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CHAPTER 2 - Policy Environment and Considerations for Nutrition in Developing Countries

G. Thomas

Policies which provide linkages among various development sectors and promote the involvement of stakeholders in all development activities will most likely impact on the nutritional status of people

Global commitment to nutrition

Awareness of the nutrition problem and its direct relationship to poverty, economic progress and quality of life increased considerably during the 1990s. Consequently, there is a better understanding of the multisectoral and multifactoral causes of nutrition problems in developing countries. Indeed, at no time in human history has the common resolution to solve the problem been so pervasive.

Nutrition goals of the World Summit for Children

The goals set to be reached by the year 2000 were:

(a) a reduction in severe as well as moderate malnutrition, among children under five years of age, by half of the 1990 levels;

(b) a reduction in the rate of low birth weight (2.5 kg or less) to less than 10%;

(c) a reduction in iron deficiency anaemia in women by one-third of the 1990 levels;

(d) virtual elimination of iodine deficiency disorders;

(e) virtual elimination of vitamin A deficiency and its consequences, including blindness;

(f) empowerment of all women to breastfeed their children exclusively for four to six months and to continue breastfeeding, with complementary food, well into the second year;

(g) promotion of growth and regular monitoring to be institutionalized in all countries by the end of the 1990s; and

(h) dissemination of knowledge and supporting services to increase food production to ensure household food security.

WHO/UNICEF, 1990. Report of the World Summit for Children

In 1990, the World Summit for Children, held in New York, brought together heads and representatives of governments, who not only agreed to take positive actions to redress the situation, but drew up eight goals for nutrition, to be reached by the year 2000 (see Box 6). The United Nations itself enumerated four nutrition goals for its Fourth Development Decade, which in broad terms seek to end hunger and malnutrition (see Box 7).

Nutrition goals of the Fourth United Nations
Development Decade

Member States must implement agreements already reached in order for the following four goals to be achieved during the decade:

(a) eliminate starvation and death caused by famine;

(b) reduce malnutrition and mortality among children substantially;

(c) reduce chronic hunger tangibly; and

(d) eliminate major nutritional diseases.

ACC/SCN, 1995. Report of the World Summit for Social Development

Other recent global initiatives in which nutrition figured prominently include:

Den Bosch Conference on Agriculture and the Environment, held in 1991 and organized by FAO and the Government of the Netherlands;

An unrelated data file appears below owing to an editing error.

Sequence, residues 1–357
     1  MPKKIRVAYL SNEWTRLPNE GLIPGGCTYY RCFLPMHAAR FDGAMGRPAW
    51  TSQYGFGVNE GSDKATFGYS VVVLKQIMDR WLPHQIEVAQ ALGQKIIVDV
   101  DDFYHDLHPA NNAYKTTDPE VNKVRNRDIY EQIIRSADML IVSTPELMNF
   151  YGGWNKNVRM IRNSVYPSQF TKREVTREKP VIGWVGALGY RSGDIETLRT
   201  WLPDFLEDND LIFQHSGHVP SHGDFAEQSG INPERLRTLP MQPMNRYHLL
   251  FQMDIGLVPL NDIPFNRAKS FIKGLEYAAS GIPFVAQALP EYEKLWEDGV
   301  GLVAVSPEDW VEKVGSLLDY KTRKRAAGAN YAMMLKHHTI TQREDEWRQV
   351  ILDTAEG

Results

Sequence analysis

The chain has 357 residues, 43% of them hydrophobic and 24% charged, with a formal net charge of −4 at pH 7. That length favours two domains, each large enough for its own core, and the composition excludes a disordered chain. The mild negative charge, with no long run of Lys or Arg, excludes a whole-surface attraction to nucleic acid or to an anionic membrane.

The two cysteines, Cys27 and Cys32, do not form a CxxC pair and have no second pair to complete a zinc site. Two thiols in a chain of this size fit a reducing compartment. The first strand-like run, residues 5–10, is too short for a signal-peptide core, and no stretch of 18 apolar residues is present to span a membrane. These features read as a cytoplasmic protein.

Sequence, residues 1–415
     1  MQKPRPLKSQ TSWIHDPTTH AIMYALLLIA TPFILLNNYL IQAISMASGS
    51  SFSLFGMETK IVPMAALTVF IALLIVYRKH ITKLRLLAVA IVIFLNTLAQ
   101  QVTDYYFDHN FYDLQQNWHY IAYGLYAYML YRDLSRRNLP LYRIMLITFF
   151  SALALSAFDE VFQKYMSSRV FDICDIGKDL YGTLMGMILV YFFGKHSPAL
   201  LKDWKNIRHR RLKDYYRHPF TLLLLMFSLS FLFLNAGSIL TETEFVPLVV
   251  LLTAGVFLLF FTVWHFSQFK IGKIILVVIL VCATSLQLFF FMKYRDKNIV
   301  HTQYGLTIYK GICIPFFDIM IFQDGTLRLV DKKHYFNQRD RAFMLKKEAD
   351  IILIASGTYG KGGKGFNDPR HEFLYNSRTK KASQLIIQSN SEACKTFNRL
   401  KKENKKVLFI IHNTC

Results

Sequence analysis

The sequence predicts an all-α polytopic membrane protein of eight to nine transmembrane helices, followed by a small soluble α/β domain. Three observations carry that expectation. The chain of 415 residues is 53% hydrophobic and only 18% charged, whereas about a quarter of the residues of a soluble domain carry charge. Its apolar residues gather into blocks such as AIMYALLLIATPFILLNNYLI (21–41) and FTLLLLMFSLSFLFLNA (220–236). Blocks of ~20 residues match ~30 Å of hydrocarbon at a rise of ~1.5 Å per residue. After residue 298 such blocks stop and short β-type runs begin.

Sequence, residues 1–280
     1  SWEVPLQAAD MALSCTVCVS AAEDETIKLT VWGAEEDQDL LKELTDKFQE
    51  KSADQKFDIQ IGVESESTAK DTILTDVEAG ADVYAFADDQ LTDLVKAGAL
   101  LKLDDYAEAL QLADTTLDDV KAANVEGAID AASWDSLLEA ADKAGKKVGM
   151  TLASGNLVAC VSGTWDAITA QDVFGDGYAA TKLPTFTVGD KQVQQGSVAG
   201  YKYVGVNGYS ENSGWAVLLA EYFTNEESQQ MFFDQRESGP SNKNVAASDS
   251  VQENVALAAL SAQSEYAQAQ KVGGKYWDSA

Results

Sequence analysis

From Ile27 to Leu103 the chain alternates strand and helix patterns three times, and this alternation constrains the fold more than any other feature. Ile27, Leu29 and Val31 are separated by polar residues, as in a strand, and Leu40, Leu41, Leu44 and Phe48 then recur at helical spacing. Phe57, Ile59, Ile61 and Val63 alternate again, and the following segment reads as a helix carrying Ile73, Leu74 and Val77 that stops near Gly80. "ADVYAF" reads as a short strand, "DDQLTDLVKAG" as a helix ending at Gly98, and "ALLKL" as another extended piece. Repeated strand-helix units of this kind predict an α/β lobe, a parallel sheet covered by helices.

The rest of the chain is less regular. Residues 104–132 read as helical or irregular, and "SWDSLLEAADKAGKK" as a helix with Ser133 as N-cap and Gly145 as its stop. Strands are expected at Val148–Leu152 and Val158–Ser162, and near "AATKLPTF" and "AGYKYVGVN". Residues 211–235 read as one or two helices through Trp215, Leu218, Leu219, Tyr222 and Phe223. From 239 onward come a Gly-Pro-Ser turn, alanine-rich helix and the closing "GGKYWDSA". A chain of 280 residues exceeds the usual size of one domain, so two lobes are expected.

United Nations Conference on Environment and Development, held in Rio de Janeiro in 1992;

International Conference on Population and Development, held in Cairo in 1994;

World Summit for Social Development, held in Copenhagen in 1995;

Fourth International Conference on Women, held in Beijing in 1995;

The World Food Summit, held in Rome in 1996;

The United Nations Millennium Summit, held in New York in September, 2000;

The World Food Summit Five Years Later, held in Rome in 2002; and

The World Summit on Sustainable Development, held in Johannesburg in 2002.

The United Nations Conference on Environment and Development (UNCED) resulted in the adoption of Agenda 21 and the Rio Declaration (UN, 1992). Adherence to these conventions is essential to ensure a stable and predictable environment for agricultural production, in order to meet the global food security challenge and growing demands from food consumers. Commitments made at the UNCED were re-affirmed at the World Food Summit on Sustainable Development. Of direct relevance to nutrition, this summit also reaffirmed the Millenium Development Goal, to halve by the year 2015, the proportion of the world's people whose income is less than $1 a day; and halve between 1992 and 2015, the proportion of people who suffer from hunger.

In 1992, the ICN pledged itself to the World Declaration and Plan of Action for Nutrition. The ICN linked nutrition to development and articulated how the nutrition problem could effectively be tackled within the context of development. The World Declaration and Plan of Action for Nutrition sought to eliminate hunger and all forms of malnutrition, particularly among undernourished population groups. The ICN theme for incorporating nutrition into development policies and programmes articulated goals that clearly detail what actions can be taken to incorporate nutrition into development policies and programmes (see Box 8).

FAO Italy

United Nations member states have committed themselves to drastically reduce hunger and poverty by 2015

Goals of incorporating nutrition into development policies and programmes

Recognizing that sustainable development of food and nutrition security needs to be addressed simultaneously with economic growth, governments, in collaboration with all parties concerned and supported where necessary by appropriate legislative measures should:

(a) Analyse the effects of macro-level policies and sectoral or integrated development plans on nutritional well-being, especially of the most vulnerable population groups.